It is possible to transplant mature trees and shrubs, although the process is not as simple as planting new ones. There are several reasons to relocate an established landscape plant, such as providing shade, creating a visual focal point, and adding vertical interest to the garden. The roots of trees and shrubs normally grow far beyond the volume of soil that can be moved, so pruning the roots in spring or fall before transplanting is essential. The process of transplanting a tree begins several months before relocating it with root pruning.
This law encourages the growth of new feeder roots (which absorb water and nutrients) closer to the base of the tree to help it better adapt to its new location. Moving a tree comes with risks, but when you take your time and follow a tree transplant checklist to the letter, your tree is much more likely to have a smooth transition. Young trees relocate better than more established ones, which are more difficult to move, especially if they have been in one place for more than five years. Moving a tree or shrub can be a physically difficult task, so make arrangements to have help on hand if needed.
Before transplanting, determine if the tree or shrub likes sun or shade, as well as what their spacing and watering requirements are. This involves cutting off the outer roots before digging up the plant. Some experts even recommend doing it in the fall before the spring transplant. Trench vertically downward around the perimeter of the root ball to a depth of at least 1 foot.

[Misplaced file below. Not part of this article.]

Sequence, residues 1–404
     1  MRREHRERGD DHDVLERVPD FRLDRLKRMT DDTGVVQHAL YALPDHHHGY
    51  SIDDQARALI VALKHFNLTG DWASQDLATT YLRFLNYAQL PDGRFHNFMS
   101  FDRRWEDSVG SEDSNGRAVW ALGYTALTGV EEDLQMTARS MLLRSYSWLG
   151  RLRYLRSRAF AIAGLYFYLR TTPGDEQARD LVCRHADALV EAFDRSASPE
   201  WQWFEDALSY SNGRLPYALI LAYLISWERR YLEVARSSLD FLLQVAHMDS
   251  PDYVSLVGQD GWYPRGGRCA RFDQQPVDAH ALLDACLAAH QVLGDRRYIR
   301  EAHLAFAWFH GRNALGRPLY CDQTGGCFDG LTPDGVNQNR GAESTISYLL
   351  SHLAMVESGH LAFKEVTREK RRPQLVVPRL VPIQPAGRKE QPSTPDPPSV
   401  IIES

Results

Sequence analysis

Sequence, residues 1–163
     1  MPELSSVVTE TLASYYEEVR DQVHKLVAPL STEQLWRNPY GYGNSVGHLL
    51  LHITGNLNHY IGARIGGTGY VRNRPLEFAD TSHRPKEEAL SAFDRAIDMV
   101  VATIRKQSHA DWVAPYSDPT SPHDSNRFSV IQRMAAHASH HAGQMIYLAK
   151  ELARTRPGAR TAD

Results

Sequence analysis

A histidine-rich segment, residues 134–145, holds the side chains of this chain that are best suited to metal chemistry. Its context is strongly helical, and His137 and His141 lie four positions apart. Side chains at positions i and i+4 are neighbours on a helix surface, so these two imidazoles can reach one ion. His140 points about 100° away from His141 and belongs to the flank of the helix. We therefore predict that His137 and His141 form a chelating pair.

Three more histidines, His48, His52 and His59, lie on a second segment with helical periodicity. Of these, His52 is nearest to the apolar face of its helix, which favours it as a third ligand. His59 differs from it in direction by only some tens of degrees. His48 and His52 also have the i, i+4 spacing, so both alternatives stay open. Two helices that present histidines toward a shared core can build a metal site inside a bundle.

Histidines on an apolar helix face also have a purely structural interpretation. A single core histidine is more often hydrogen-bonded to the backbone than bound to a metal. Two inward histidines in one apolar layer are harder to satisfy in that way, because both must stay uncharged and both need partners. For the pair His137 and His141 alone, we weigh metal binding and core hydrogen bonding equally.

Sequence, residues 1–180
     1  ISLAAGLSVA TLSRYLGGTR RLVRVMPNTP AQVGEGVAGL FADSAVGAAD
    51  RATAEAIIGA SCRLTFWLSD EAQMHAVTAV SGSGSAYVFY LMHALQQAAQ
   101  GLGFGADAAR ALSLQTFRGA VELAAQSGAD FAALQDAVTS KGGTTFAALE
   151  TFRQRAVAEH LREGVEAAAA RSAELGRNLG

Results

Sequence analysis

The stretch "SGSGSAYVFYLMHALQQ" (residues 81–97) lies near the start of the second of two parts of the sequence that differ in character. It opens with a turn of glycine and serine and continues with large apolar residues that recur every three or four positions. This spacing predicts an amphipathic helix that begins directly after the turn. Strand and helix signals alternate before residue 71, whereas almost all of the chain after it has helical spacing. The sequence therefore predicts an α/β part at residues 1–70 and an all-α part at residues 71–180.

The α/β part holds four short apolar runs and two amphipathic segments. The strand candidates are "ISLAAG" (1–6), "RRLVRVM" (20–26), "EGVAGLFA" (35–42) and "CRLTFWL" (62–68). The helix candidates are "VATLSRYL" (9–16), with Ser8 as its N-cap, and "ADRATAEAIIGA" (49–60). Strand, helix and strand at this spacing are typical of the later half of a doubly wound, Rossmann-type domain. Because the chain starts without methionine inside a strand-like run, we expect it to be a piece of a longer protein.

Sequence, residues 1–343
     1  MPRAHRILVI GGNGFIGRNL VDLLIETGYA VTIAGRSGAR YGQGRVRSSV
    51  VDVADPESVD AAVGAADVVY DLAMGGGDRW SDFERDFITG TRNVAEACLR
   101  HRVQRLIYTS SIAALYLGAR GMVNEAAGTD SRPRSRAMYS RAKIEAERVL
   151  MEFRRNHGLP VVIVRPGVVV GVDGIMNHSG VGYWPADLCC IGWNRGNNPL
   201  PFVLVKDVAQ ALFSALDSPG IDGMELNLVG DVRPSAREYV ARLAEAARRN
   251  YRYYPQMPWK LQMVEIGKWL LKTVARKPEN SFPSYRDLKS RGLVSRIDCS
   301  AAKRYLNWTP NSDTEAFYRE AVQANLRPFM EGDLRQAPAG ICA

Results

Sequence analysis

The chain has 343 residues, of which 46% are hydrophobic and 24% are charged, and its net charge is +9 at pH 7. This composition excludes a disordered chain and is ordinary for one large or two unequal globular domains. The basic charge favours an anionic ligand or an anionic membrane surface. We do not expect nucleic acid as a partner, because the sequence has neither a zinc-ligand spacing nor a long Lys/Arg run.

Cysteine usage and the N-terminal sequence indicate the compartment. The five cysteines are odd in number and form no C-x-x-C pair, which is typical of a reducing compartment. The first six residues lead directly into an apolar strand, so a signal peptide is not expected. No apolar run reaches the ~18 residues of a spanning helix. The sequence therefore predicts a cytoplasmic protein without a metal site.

The goal is to cut off all the lateral roots that extend from the tree. Be sure to protect the roots during their waiting period and make sure they get adequate water during the break and just before the transplant. In the past, the standard advice was to mix peat or compost with the soil before refilling the transplant. However, according to Hanshaw, red maples, elms and bald cypress generally respond better to transplantation than other species, in northern regions, in particular.
Trees that are difficult to move (beech, walnut, sweet gum, hornbeam, sassafras, tupelo, walnut and white oak) need larger brushes than trees that are easy to transplant. Evergreens usually work best with a spring transplant, giving them time to grow new roots during the summer. But with a little careful planning and care, you will be able to enjoy your transplanted tree in its new location for many years to come. And in summer, it is not recommended to transplant because the weather is too hot, which puts too much stress on the plant.
Be sure to call 811 before you begin digging in order to avoid any underground utility lines. The key to successfully transplanting a large tree is to help it grow roots that can travel with it to its new location. With a little patience and time, you can help a tree overcome the transition by taking care to complete all the steps before, during and after the transplant. Keep reading for instructions on how to prune, how to repot your tree, and how to make sure it survives in its new home.